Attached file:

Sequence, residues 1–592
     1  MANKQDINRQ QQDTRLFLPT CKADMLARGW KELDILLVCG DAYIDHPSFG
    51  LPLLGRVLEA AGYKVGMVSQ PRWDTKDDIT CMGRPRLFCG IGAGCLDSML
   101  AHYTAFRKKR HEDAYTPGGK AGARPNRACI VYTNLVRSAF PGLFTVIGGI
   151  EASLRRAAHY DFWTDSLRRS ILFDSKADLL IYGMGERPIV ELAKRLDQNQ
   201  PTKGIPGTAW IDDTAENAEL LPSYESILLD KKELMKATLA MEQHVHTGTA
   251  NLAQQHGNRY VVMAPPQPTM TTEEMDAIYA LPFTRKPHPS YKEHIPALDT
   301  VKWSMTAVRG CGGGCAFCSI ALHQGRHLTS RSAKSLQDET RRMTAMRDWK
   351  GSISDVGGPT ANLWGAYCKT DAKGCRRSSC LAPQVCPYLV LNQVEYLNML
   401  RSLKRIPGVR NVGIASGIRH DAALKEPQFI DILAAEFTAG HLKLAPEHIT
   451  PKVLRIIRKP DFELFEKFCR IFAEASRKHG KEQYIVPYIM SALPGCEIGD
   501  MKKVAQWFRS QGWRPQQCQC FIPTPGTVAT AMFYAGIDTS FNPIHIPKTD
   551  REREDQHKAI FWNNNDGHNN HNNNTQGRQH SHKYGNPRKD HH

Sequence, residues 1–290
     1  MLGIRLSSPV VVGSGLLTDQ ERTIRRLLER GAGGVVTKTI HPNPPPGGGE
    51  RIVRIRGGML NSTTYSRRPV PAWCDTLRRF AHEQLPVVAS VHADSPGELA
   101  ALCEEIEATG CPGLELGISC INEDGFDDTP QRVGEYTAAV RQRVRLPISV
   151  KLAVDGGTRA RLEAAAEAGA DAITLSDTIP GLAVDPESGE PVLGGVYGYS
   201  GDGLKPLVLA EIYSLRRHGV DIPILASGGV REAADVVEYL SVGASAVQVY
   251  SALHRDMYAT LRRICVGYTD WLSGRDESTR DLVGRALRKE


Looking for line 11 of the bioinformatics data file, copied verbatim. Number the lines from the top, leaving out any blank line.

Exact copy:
   451  PKVLRIIRKP DFELFEKFCR IFAEASRKHG KEQYIVPYIM SALPGCEIGD